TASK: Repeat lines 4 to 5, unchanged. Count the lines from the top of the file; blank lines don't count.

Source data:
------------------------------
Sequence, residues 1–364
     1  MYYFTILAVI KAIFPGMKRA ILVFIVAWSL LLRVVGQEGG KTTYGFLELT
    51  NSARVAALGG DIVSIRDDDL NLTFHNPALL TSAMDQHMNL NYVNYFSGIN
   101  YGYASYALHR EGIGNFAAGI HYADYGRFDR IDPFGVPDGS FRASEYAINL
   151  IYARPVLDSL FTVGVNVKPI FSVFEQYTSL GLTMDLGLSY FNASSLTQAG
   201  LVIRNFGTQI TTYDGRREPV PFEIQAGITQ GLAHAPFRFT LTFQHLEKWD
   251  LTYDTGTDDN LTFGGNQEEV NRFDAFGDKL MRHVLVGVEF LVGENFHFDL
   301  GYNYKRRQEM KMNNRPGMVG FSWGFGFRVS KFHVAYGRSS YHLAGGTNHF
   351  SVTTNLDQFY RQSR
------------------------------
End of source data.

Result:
   101  YGYASYALHR EGIGNFAAGI HYADYGRFDR IDPFGVPDGS FRASEYAINL
   151  IYARPVLDSL FTVGVNVKPI FSVFEQYTSL GLTMDLGLSY FNASSLTQAG